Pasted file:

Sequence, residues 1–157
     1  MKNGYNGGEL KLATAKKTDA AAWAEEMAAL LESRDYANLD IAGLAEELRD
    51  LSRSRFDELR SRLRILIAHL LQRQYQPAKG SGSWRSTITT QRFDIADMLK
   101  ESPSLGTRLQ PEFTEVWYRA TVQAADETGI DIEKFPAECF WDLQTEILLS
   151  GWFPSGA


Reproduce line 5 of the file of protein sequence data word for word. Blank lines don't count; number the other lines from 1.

   151  GWFPSGA